APEX Insight: In the third installment of our series on holistic design, PriestmanGoode’s Luke Hawes explains how attention to passengers’ interaction within the cabin space can lead to dramatic experience improvements and enhance the value of the brand.
With flawed functionality, even the most eye-catching cabin designs can be a turnoff to passengers. Many cabin interactions, including elements we take for granted as mandatory, could use a fresh perspective.
“Excellence is in the details,” says Luke Hawes, designer and director at PriestmanGoode, London. “As a designer, you want to create an environment where everything is intuitive, and everything has a place. Our latest first-class cabin for SWISS, for instance, includes headphone hooks and dedicated tablet storage with power outlets that are easily accessible.”
PriestmanGoode’s commitment to user-friendly spaces and products is also evident in the Quad seat, a bespoke feature of the United Polaris lounge that mirrors the experience of the Polaris seat, scheduled to launch in flight next month. It incorporates a host of convenient details, including a coat hook, storage for carry-on bags, a pullout table with integrated tablet holder, charging points and a reading lamp.
While we all value the regulations which keep aviation safe, Hawes believes greater collaboration with regulators might help smooth out some user-experience wrinkles. “For the most part, those standards are for safety concerns, but there are some instances in which there is perhaps a certain overuse, which gets in the way of creating a coherent, branded cabin interior,” he says. “For example, it’s been almost two decades since smoking was banned on commercial aircraft, and everyone knows you can’t smoke on a plane, yet, there are still no smoking signs on every seat, in galleys and lavatories. There is also an overuse of placarding, such as with signs that point to exit signs, even though the latter are clearly visible. Visually streamlining this would be better for the passenger experience, whilst retaining the same level of safety.”
“Excellence is in the details.” – Luke Hawes, PriestmanGoode
But not all passenger-space interaction is structural. With enhanced usability, Hawes says, in-flight entertainment (IFE) offers an excellent opportunity for brand engagement. “The IFE is what passengers are looking at for the majority of their journey. On long-haul flights for instance, your passenger may be using IFE for up to 11 hours. It’s your most effective way to connect with, or lose, your passengers,” he tells us. “A poorly designed IFE for instance, may incite passengers to pick up a book instead. A well-designed IFE, on the other hand, can draw passengers in.”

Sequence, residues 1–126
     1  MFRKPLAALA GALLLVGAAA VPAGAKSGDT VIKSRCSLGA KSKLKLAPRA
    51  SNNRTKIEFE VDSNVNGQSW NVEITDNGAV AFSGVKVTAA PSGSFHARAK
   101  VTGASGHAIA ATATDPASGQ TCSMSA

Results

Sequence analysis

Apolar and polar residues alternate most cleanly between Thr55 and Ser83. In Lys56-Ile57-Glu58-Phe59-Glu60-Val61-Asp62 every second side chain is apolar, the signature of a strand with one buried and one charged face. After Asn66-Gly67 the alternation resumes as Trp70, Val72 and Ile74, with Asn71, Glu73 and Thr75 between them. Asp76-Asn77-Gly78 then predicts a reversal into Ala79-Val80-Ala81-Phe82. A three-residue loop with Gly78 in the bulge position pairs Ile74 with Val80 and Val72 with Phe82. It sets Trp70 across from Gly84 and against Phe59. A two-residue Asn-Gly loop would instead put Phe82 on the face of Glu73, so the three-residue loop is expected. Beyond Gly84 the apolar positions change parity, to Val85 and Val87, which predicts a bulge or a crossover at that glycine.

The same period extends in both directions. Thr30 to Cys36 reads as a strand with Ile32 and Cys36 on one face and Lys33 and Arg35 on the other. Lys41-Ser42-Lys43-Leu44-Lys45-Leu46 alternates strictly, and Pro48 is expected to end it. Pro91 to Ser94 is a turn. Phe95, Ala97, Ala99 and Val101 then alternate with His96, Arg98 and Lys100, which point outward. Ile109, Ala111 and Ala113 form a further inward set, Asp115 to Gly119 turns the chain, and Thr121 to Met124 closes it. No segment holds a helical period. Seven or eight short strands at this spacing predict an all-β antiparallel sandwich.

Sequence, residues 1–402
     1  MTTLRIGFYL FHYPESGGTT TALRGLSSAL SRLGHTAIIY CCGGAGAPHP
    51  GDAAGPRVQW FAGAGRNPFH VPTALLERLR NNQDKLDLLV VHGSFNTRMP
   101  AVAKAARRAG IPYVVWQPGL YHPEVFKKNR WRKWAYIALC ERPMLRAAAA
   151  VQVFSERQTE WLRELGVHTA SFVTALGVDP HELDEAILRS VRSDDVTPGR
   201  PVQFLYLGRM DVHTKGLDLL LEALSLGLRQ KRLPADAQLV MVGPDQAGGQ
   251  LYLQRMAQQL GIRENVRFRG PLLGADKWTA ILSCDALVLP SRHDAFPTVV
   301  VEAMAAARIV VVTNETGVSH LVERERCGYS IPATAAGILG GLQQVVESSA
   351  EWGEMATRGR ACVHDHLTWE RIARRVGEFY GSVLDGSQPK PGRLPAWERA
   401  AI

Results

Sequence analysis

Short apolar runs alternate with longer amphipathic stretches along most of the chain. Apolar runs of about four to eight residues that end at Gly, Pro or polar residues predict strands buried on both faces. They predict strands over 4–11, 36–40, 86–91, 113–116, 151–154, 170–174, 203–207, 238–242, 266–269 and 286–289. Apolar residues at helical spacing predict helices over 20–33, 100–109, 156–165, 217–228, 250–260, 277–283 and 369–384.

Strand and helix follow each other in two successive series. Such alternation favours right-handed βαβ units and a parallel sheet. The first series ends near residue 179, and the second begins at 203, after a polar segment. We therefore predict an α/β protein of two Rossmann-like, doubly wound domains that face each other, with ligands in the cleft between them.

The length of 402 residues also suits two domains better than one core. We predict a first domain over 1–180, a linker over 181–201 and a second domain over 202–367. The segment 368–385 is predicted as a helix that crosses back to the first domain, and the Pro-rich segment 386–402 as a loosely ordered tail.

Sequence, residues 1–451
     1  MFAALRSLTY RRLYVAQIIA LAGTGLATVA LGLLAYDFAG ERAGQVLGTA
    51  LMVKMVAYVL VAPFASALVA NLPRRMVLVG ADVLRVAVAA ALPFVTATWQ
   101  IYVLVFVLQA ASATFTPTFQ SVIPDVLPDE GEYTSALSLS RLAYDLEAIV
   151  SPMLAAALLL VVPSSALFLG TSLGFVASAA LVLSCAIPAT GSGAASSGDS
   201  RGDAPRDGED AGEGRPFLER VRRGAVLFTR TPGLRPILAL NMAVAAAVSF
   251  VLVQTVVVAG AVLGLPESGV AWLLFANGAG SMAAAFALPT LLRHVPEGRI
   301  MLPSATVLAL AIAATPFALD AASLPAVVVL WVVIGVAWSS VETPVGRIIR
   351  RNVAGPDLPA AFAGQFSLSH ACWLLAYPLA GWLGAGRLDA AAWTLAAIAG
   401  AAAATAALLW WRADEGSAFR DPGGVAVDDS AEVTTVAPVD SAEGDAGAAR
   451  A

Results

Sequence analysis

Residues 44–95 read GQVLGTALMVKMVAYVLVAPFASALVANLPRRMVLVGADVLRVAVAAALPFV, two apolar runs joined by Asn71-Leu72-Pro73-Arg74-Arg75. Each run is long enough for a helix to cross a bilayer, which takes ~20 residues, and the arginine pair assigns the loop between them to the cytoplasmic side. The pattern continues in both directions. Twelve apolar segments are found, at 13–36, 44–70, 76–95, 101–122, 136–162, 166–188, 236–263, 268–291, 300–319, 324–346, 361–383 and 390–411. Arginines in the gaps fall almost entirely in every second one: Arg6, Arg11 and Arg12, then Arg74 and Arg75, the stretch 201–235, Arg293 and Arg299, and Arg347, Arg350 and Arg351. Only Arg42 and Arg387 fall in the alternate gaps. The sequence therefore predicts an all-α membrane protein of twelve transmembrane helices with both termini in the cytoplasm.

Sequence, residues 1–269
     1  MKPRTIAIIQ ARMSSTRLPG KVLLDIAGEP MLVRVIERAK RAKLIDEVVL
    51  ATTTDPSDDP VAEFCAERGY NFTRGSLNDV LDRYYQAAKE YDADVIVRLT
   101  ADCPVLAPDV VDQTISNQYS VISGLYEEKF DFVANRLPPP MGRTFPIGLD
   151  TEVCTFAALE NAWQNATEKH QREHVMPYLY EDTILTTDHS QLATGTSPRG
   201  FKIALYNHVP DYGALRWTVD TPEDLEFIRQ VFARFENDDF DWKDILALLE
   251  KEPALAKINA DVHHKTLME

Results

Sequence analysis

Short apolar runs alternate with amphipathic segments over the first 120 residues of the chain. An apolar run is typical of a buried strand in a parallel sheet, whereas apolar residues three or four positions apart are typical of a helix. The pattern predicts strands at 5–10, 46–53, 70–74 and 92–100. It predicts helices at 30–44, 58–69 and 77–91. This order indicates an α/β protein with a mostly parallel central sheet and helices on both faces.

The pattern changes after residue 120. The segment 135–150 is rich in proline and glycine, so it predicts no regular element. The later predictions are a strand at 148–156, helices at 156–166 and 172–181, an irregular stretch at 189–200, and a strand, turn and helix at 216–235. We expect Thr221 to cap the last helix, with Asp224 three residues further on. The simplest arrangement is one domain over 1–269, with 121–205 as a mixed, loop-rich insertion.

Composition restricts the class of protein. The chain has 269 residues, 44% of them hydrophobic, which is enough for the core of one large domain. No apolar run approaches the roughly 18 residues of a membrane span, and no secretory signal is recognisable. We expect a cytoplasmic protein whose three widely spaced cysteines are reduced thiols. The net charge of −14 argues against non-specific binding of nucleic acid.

Hawes suggests extending the user-friendly features of IFE beyond in-flight movies and television, to digital interactions which result in real-life satisfaction. Some airlines already incorporate these features, like food orders placed on in-flight entertainment menus on Virgin America and Norwegian, and duty-free shopping on Finnair’s Nordic Sky Wi-Fi portal. “You could even create a numbered queuing system for the lavatories, so that passengers could queue without having to stand in the aisle,” Hawes says. “Successfully keeping your passengers entertained and using IFE means they are engaging with your brand during every moment of their journey, and this is a key part of creating a positive passenger experience.”
Carefully considering the details of passengers’ interactions with products and services and finding ways to make them smoother and more rewarding is a critical part of the design process. As Hawes says: “An important part of improving brand perception is by demonstrating to customers that you are a people-centric business, that you live to serve the consumer and that passenger needs are constantly being evaluated and products refined to better suit current and future demands.”